Researches from Stanford University have developed a chip that detects type-1 diabetes quickly and cheaply.
Often affecting children, Diabetes is a disease in which speed is necessary to combat it. The earlier it is detected, the easier it is to treat. Current tests unfortunately are a time-consuming and costly process, and requires radioactive materials and several days to complete. This new chip however, eliminates the wait time and is a much cheaper alternative.
Utilizing gold nanoparticles, the chip causes fluorescent materials to glow when antibodies are detected. The chip can then be re-used up to 15 times, and only requires a pinprick of blood from the patient. Patients luckily will no longer need to go through the time consuming process of going to a lab to have their blood drawn for testing. While the cost and speed will most certainly be a boon for hospitals and patients in the United States, the researches are setting their sights abroad.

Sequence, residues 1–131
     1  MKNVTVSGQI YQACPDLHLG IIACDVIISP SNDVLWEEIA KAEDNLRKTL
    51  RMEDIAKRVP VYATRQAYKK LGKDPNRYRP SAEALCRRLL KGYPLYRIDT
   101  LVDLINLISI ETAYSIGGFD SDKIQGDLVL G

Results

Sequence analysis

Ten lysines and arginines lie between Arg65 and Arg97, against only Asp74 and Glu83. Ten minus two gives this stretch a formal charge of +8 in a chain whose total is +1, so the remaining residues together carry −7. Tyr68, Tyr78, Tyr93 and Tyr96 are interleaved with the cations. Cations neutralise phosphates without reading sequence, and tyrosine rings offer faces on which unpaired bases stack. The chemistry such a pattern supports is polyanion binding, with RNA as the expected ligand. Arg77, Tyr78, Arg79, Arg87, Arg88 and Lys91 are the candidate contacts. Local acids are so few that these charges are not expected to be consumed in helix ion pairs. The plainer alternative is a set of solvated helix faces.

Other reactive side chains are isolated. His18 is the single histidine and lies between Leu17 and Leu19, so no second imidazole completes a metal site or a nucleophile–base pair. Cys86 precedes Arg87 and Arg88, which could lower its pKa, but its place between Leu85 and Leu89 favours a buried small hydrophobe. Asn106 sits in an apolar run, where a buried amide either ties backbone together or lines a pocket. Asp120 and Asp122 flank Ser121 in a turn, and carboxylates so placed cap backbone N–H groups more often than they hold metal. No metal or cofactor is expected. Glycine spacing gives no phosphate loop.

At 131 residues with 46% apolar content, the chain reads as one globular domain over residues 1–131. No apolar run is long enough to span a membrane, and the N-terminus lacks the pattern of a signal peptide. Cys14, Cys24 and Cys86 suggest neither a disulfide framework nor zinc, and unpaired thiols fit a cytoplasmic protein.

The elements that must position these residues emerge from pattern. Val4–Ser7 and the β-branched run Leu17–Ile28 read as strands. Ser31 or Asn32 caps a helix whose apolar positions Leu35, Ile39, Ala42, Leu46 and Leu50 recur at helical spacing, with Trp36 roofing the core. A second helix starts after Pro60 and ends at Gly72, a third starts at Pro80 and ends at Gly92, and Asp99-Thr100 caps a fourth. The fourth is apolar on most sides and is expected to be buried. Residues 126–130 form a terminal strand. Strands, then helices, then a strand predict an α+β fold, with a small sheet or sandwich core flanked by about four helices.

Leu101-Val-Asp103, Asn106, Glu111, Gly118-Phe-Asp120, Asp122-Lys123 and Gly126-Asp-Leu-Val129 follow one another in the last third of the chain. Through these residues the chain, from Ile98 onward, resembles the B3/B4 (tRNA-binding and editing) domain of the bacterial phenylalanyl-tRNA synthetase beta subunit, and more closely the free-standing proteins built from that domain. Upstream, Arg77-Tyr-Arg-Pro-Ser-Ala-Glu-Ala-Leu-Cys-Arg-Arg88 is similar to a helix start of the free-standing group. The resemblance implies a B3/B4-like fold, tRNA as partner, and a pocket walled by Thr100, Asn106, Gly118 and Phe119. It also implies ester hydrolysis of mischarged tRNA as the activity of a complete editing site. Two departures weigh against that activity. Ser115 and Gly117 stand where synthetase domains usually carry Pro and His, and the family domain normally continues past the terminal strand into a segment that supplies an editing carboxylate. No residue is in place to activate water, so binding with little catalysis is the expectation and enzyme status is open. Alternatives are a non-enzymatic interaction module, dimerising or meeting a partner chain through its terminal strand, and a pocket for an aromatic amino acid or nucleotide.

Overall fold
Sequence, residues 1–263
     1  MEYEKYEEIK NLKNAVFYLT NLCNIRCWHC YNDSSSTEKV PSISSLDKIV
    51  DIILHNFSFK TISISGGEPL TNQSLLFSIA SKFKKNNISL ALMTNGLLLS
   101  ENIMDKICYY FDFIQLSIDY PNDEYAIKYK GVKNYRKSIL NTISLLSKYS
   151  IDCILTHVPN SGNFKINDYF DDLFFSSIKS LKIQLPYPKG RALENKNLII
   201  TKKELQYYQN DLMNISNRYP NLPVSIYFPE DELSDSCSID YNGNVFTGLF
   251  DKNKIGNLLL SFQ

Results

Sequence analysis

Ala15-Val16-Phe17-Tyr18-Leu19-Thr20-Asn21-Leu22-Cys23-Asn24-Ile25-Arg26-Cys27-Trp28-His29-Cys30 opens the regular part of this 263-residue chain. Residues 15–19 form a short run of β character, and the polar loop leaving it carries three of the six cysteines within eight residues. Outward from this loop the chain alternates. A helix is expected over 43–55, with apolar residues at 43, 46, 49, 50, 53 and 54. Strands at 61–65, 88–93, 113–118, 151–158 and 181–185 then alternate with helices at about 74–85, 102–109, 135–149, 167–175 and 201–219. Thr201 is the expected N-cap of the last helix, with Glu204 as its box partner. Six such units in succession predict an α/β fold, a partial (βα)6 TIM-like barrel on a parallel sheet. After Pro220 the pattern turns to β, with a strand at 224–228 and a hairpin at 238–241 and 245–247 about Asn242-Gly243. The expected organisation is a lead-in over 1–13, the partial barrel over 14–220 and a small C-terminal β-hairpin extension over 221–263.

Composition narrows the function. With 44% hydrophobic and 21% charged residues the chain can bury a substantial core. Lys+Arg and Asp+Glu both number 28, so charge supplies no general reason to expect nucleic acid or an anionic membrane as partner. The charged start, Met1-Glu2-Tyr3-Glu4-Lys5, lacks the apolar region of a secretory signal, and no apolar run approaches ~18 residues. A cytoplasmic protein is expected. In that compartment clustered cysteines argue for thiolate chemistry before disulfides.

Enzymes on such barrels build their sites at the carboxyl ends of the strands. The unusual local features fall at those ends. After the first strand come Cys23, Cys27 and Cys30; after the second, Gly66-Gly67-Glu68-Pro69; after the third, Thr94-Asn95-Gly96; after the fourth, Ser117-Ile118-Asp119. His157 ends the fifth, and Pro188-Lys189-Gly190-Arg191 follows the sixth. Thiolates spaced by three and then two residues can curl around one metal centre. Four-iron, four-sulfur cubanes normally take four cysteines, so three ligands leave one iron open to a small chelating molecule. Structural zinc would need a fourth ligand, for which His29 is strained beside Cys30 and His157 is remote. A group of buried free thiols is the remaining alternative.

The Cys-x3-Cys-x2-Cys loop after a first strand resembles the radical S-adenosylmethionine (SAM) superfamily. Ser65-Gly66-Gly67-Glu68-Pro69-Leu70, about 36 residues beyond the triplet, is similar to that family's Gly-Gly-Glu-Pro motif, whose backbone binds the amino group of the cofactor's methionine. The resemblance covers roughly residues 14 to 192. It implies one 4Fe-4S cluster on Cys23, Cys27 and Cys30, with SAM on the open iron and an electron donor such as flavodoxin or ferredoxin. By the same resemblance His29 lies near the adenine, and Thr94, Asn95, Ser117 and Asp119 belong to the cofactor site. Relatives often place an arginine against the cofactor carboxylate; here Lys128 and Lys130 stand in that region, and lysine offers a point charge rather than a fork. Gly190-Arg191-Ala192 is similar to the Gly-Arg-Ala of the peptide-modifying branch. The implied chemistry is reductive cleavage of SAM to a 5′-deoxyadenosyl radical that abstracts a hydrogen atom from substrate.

Often, standard tests utilizing radioactive materials are too expensive to be administered in developing countries. With this new chip however, the researchers hope to be able to fight diabetes globally. As stated by Brian Feldman, MD, PhD, assistant professor of pediatric endocrinology and the Bechtel Endowed Faculty Scholar in Pediatric Translational Medicine, “we would like this to be a technology that satisfies global need.”
While the researchers have filed a patent on the microchip, they are also working on launching a startup company to help get the method approved by the FDA and bring it to market. They hope that the device is cheap enough that population-wide antibody testing will be able to be done to determine who is at risk of diabetes.
The sooner the device hits the market, the better. It will make those who have, and are at risk of, Diabetes able to combat the disease in a cheaper and timelier manner.
Image: Stanford University